3 Application of On-Demand Cloud Computing Framework in Continuously Operating Reference Station
3.1 Overview of Continuously Operating Reference Station
A typical Continuous Operating Reference Station (CORS) is a real-time communication and service system, consisting of reference station, data center, communication network, and user. Each reference station has a consistent and precise three-dimensional coordinate. The system transmits real-time observation data back to the data center, and the latter calculates the data, manages the devices, and provides users with real-time fast positioning services. Figure 2 shows the CORS architecture.
3.2 CORS Applications and Services
In China, CORS is mostly used in surveying and mapping, city planning, transportation and logistics, and hydroelectricity production. CORS services include providing coordinates derived from space, spatial positioning, source data service, and time service. Among these, source data service, space coordinates, and time service are basic CORS services. Spatial positioning, satellite trajectory, meteorological service, and geodynamics parameters are high-level services requiring integration with other information system services. Satellite trajectory is the aggregate of source data services; meteorological service is interdisciplinary, involving source data services and meteorological technology; and atmospheric environmental monitoring is a high-level interdisciplinary service. Table 1 shows the response time and content of these services.
3.3 CORS Architecture Analysis and On-Demand Cloud Computing Structure
When treated as a network, a CORS can be divided into three layers: physical layer, data layer, and application layer. Respectively, these correspond to physical interconnection, data organization and scheduling, and computing and service. From the perspective of on-demand cloud computing, the data layer of CORS can be further divided into a management and monitoring layer for resources (such as reference stations), and an organization and monitoring layer for reference station data.
CORS architecture in cloud computing is shown in Figure 3.
3.4 Key Factors Affecting the Application of Cloud-Computing Model in CORS
Two basic problems must be solved when applying the cloud computing model to CORS:
(1) Organization and Monitoring of Large-Scale Resources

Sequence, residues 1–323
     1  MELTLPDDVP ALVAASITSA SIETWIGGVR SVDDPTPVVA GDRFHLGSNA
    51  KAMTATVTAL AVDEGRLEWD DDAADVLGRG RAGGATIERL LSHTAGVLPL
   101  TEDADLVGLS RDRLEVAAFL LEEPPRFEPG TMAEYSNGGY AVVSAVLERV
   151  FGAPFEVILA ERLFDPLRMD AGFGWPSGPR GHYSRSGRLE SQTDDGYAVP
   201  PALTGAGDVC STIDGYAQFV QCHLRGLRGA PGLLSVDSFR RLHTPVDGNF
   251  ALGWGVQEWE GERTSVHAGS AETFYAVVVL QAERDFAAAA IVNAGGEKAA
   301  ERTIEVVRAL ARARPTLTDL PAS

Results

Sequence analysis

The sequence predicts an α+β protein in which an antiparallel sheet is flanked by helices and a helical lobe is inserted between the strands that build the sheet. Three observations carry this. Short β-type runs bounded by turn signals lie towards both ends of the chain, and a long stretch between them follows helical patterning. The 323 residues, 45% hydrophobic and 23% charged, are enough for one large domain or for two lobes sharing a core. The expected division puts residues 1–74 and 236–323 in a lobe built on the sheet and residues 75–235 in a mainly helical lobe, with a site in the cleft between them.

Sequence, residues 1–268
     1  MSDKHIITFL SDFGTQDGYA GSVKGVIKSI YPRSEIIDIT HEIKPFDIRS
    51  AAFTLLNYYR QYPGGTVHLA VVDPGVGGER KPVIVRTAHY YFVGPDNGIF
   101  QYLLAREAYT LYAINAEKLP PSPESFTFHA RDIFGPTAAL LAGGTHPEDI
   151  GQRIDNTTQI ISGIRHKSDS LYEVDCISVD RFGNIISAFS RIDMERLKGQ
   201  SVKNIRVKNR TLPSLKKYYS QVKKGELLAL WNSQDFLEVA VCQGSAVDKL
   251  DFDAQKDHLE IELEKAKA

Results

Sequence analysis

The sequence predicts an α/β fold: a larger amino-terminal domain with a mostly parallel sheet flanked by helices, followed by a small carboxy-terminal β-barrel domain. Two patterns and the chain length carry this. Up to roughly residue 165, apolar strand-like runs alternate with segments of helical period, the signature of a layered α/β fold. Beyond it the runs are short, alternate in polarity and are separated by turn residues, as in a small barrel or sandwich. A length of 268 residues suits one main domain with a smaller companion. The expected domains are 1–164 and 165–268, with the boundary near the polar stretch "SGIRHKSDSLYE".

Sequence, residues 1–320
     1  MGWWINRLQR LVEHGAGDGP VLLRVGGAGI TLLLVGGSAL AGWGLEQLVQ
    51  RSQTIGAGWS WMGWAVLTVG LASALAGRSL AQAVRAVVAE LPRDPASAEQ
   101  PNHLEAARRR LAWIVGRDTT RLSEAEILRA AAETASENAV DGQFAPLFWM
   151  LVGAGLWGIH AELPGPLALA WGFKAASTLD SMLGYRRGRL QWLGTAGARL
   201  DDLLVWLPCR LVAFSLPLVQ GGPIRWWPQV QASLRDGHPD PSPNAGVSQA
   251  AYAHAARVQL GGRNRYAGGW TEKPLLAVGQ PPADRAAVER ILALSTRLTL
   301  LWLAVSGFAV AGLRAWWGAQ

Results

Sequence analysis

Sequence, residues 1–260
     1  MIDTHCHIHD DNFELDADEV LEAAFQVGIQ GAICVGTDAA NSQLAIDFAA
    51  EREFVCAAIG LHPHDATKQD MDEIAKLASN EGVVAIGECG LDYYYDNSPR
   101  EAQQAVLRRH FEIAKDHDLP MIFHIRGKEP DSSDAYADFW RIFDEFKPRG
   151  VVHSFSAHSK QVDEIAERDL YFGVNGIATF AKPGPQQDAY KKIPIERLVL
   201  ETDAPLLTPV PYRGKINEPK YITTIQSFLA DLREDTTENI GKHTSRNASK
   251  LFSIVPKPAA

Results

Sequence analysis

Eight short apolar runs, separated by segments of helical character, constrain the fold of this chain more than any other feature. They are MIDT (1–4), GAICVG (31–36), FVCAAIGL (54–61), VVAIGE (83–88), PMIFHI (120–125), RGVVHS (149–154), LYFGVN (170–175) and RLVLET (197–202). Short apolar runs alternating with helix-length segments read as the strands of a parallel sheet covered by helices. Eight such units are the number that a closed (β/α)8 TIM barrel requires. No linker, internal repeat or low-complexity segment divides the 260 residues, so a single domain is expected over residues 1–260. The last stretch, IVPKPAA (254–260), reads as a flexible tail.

Compared with cloud computing infrastructure, CORS resources are relatively simple: the physical devices are reference stations, data center servers, and communication network resources; and the data resources are initial data from reference stations, coordinates, service data generated by the system, and registered user information. Major problems arise in building a unified platform for cloud computing data and services, developing intelligent resource status management technology, monitoring resources actively and efficiently, and detecting the breakdown of resources.
(2) On-Demand Service Technology for Large-Scale Users
Compared with common Internet-based information service systems, CORS provides simple services with definite semantics and grammar. It generally uses rough user locations to carry out precise, iterative positioning. The difficulty lies in building a cloud computing platform compatible with the existing systems, creating sockets for system access and user login, and service mining and redirection according to the needs of active or inactive users.
A cloud computing system includes bottom infrastructure that provides computing ability, upper-layer service software, and users. One of the core problems in cloud computing research and development is services. This paper focuses on services and proposes an architecture of on-demand services in cloud-computing. Modeling of cloud computing services, mass automated service composition, and management and testing technology for distributed service resources is discussed. The architecture and technologies mentioned above will enable cloud developers to design the hardware and structure for different layers; to deploy, manage, and dispatch service resources; and to provide users with a flexible and efficient service system. This paper uses the example of CORS in a geo-spatial information system to analyze service demands, and to highlight two basic issues in providing effective services in the cloud computing architecture.